• What impact does this have socially and towards health?

Sarah Crofts, Statistician, Centre for Ageing and Demography, Office of National Statistics (CONFIRMED)


Interactive Questions and Answers Session


Refreshments and Networking


Paper Discussion: Social Network - A Concept to Improve the Quality of Life for an Ageing Population While Reducing Loading on the NHS

  • The Current tumultuous financial climate leaves the NHS facing budget cuts and needing to relocate resources in order to provide a cost-effective yet high-quality service when caring for patients
  • More economically developed countries, such as the UK have an ever-increasing life expectancy and therefore a growing elderly population. In the last 40 years, the number of individuals aged 65 years and older has increased by 47%, and those aged 75 years and older has increased by 89%, with this trend set to increase
  • This has resulted in an increasing incidents of age-related diseases and a greater demand on social care and mental health services, with predictions that spending on older adult care will double in the next 15 years
  • It is clear that the two contradictory situations cannot continue together
  • Imperial College proposes to create a system by which individuals can come together to learn new skills, socialise and interact with others in order to address the challenges posed by the key issues highlighted above

Efioanwan Andah, Academic Foundation Doctor, Hull and East Yorkshire Hospitals NHS Trust (CONFIRMED)


Panel: Interactive Questions and Answers with Social Network Co-Authors

Maheen Ahsan, 5th Year Medical Student, Imperial College London (CONFIRMED)

Roy Lee , Mechanical Engineer, Procter & Gamble (CONFIRMED)

Edward Brewin, Final Year Mechanical Engineering Student, Imperial College London (CONFIRMED)


Lunch and Networking


Afternoon Keynote: Delivering Effective Workforce Training to Provide the Skills Required to Manage an Ageing Population

  • Outlining the findings from the ‘HEE’s role in population health and prevention’ document: Effectively preparing the health and social care workforce with the appropriate skills and incentives to care efficiently for a growing older population
  • Working with Public Health England to establish a national Making Every Contact Count Advisory Group and a Public Health Network across HEE and the wider system to promote population health and preventative health and social care initiatives
  • Delivering the necessary education, training and professional development opportunities to develop the health and social care pathways required to grow the workforce
  • Recognising the value of community and informal healthcare: Supplying the necessary support to unpaid carers to enable comprehensive care for all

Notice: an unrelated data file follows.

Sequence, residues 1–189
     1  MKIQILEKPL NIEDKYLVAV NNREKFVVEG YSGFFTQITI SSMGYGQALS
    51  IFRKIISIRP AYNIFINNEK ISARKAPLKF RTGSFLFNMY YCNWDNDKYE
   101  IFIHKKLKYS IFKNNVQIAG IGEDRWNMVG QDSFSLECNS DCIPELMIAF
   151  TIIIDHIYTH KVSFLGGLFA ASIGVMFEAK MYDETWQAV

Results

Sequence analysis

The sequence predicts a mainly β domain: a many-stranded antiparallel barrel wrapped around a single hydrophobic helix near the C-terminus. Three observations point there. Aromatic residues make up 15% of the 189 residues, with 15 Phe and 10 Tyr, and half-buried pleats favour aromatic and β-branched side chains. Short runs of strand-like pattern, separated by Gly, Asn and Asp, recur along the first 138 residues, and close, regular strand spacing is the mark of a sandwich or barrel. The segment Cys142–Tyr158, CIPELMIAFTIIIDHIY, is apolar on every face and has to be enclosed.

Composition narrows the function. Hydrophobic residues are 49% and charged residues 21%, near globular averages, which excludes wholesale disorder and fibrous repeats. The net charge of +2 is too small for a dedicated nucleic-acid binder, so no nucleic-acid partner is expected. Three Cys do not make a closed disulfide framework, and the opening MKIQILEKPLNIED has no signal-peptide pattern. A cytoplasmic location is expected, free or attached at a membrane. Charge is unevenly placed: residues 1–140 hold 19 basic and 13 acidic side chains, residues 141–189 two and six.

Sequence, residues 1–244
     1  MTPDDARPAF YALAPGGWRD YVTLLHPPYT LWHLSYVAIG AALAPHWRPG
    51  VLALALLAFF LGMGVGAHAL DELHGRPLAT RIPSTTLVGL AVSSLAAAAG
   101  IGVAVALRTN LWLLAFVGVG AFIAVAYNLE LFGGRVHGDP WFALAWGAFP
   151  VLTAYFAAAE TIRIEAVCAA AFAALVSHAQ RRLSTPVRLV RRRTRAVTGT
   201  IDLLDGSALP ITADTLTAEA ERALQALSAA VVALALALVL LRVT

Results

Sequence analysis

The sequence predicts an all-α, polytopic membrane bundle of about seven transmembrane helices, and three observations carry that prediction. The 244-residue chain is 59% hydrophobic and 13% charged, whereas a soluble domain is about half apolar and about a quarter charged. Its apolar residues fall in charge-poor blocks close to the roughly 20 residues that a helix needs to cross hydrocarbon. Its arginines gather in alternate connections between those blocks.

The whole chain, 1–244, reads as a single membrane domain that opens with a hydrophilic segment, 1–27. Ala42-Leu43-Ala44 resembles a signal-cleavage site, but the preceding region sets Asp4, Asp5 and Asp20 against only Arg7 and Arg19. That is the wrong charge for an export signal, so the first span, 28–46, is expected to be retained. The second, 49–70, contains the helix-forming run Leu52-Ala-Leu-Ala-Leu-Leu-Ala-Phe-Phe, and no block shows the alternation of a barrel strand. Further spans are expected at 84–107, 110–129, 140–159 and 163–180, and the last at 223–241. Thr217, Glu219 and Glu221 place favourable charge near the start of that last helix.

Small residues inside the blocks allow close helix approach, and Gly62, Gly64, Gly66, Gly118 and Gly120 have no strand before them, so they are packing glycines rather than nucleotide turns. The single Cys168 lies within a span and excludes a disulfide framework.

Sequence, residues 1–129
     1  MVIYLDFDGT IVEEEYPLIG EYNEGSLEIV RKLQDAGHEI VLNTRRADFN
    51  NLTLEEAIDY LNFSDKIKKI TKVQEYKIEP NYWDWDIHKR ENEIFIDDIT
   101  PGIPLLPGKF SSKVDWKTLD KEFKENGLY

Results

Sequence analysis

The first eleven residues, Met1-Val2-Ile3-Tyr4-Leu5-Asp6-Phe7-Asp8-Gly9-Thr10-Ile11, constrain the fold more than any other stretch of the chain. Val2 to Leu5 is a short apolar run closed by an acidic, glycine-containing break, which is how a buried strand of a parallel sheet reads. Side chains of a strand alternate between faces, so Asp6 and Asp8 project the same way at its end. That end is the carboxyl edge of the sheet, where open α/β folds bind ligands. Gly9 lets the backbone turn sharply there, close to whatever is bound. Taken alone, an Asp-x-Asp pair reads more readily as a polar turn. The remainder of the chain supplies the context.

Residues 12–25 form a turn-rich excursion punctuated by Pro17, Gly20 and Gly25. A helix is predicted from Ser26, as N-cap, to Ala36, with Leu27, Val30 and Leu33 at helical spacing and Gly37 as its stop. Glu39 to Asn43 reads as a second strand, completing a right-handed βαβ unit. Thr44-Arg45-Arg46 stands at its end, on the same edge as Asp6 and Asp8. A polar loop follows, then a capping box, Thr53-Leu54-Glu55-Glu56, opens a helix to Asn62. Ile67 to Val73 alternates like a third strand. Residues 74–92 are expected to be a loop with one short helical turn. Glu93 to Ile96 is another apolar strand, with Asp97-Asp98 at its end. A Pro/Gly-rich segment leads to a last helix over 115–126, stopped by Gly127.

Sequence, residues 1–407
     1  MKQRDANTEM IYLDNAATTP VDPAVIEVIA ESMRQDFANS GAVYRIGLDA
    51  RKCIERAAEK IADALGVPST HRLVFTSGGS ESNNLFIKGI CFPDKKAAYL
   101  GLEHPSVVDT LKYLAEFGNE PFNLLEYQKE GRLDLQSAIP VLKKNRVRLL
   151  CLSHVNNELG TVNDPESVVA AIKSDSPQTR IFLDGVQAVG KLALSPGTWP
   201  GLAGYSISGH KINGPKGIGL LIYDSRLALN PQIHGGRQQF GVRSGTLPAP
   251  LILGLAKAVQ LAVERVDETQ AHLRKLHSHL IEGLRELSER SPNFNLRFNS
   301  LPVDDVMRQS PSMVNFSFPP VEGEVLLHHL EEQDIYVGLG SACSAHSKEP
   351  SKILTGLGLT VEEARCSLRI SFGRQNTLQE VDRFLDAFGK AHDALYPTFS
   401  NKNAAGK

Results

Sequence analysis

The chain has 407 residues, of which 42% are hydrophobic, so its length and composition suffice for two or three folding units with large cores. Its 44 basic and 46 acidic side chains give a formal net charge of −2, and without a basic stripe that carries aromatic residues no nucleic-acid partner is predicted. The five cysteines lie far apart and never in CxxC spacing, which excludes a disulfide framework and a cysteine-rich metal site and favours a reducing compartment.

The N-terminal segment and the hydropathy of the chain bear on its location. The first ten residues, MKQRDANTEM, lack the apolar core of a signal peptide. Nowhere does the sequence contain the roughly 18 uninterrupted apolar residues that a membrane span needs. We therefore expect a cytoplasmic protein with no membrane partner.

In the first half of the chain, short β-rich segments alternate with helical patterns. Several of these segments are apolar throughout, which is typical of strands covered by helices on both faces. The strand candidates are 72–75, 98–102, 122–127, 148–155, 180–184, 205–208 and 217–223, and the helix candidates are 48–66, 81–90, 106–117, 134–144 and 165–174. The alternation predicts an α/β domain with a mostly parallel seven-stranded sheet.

• Catering for an ageing workforce by removing barriers to greater workforce flexibility and offering technological and wellbeing support

Professor Wendy Reid, Director of Education and Quality, Health Education England (HEE) (CONFIRMED)


Special Keynote: Prevention and Self-Care - Understanding the Keys to Managing an Ageing Population

  • Emphasising the importance of healthy ageing as a sustainable means of reducing costs on social care and the NHS
  • Establishing the value of active and social lifestyles for older people to avoid an increased risk of contracting certain diseases, disability, cognitive decline and dementia
  • Highlighting the importance of social relationships for those at risk: New people with long-term conditions and disability, unemployed adults, carers and retired people
  • Underlining the need for a joined-up approach where health professionals link with other government departments as well as housing services, the justice system and charities

Nuzhat Ali, Lead for Older Adults, Health and Wellbeing, Public Health England (CONFIRMED)


Case Study: Reducing Hospital Admissions Through an Effective Health and Housing Partnership

  • Working in partnership with NHS Oldham CCG and Oldham Housing Investment Partnership to invest £300,000 in the award-winning Warm Homes Oldham scheme
  • Accessing £1.4 million of grants from the government, ECO funders and energy charities
  • Channeling investment towards home improvements, such as boilers and insulation, as well as support from qualified advisors in saving energy
  • Helping nearly 600 households out of fuel poverty during 2015/16, saving ca. £600,000 off energy bills and ensuring winter heating affordability
  • Reducing NHS costs by an estimated £45,000 per year thanks to reduced GP and hospital visits, counselling and medication
  • Enabling 80% of scheme participants to report that the project had a positive impact on their general health and wellbeing

Anees Mank, Principal Housing Energy Officer, Oldham Council (CONFIRMED)


Interactive Questions and Answers Session


Refreshments and Networking


Case Study: Any Old Irons: How a Premier League Football Club Has Successfully Delivered Services for the Elderly in Their Community

  • Run in conjunction with the Premier League, the Professional Footballers’ Association (PFA) and Friends of the Elderly, Any Old Irons is part of the Football Friends programme and operated by West Ham United
  • The initiative gives participants the opportunity to connect with other fans and locals in their community, bringing them together for fun and friendship
  • Those attending can also learn how to stay in touch with their fellow fans and the Club using digital technology
  • How such a programme both unloads pressure from the NHS and tackles social care issues, such as Loneliness

Joe Lyons, CEO, West Ham United Foundation (CONFIRMED)

Maria Abraham, Health Manager, West Ham United Foundation (CONFIRMED)


Case Study: Housing - The Foundation of Better Health and Care for Older People